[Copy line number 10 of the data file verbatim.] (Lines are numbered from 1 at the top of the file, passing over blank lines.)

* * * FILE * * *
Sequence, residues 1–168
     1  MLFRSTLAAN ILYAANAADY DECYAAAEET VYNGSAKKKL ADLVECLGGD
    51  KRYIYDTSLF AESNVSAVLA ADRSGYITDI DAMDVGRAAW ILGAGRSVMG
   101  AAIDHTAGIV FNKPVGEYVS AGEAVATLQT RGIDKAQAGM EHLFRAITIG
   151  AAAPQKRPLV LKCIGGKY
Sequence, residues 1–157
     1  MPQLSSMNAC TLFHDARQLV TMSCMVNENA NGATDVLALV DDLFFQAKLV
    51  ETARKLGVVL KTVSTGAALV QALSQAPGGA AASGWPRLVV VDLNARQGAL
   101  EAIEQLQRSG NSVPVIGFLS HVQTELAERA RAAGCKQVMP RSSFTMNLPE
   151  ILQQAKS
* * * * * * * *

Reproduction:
   151  ILQQAKS